Teaching Notes and Tips

Before this assignment is assigned, the instructor will probably need to provide an overview of GeoMapApp and how to access the program, and the various data sets and base maps found therein. This can easily be done in lecture (10-15 minutes), or in a computer laboratory with the students working on their own machines (20-30 minutes). I have used both methods, and both approaches work. I then assign the project for work outside of class/lab so students will have to spend time exploring GeoMapApp and learning all the various tools. It is fairly intuitive for students who are at least comfortable using basic computer software.

I find that it is also important to remind students to use their assigned textbook when they need to clarify or look-up certain terms or concepts. Students will generally struggle with what features to search for, and where they should look for them. This will frustrate the students who want to work quickly under the "get-it-done" mindset, while other students will find the exploration interesting and worthwhile. Nevertheless, it might be worthwhile to provide specific page references to your class textbook so students can look for specific figures and graphics to support their search efforts. For instance, I usually ask students to look at schematic concept diagrams showing different tectonic boundaries, or topographic profiles of major ocean basins, etc.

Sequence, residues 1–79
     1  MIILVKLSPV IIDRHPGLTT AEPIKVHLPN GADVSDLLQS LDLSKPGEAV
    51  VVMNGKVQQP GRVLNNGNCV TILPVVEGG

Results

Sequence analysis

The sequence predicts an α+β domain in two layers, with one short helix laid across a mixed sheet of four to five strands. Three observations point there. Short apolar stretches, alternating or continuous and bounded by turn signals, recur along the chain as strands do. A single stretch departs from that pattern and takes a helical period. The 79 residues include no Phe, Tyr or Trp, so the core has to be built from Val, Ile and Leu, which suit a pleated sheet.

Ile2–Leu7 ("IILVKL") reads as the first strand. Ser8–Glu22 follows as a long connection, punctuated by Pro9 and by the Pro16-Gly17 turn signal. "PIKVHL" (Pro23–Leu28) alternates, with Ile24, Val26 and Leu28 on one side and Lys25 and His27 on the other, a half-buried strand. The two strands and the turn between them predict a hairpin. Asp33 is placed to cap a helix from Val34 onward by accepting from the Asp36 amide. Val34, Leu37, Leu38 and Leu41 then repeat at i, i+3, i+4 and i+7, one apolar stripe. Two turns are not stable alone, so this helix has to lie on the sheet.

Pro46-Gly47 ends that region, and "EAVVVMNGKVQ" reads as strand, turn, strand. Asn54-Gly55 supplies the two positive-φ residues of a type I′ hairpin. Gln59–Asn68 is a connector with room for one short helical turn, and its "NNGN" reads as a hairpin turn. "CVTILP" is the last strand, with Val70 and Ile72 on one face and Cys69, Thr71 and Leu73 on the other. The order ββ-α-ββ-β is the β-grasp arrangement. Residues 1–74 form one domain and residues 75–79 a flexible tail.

Lastly, the instructor will also need to remind students how to either capture a screen image, or use the save image function so students can assemble their PowerPoint. It is also useful to give students an example of what is required to producing an "annotated" figure. I also take time to remind students that they should cite all imagery/datasets and sources. GeoMapApp provides a convenient reference model for the purpose.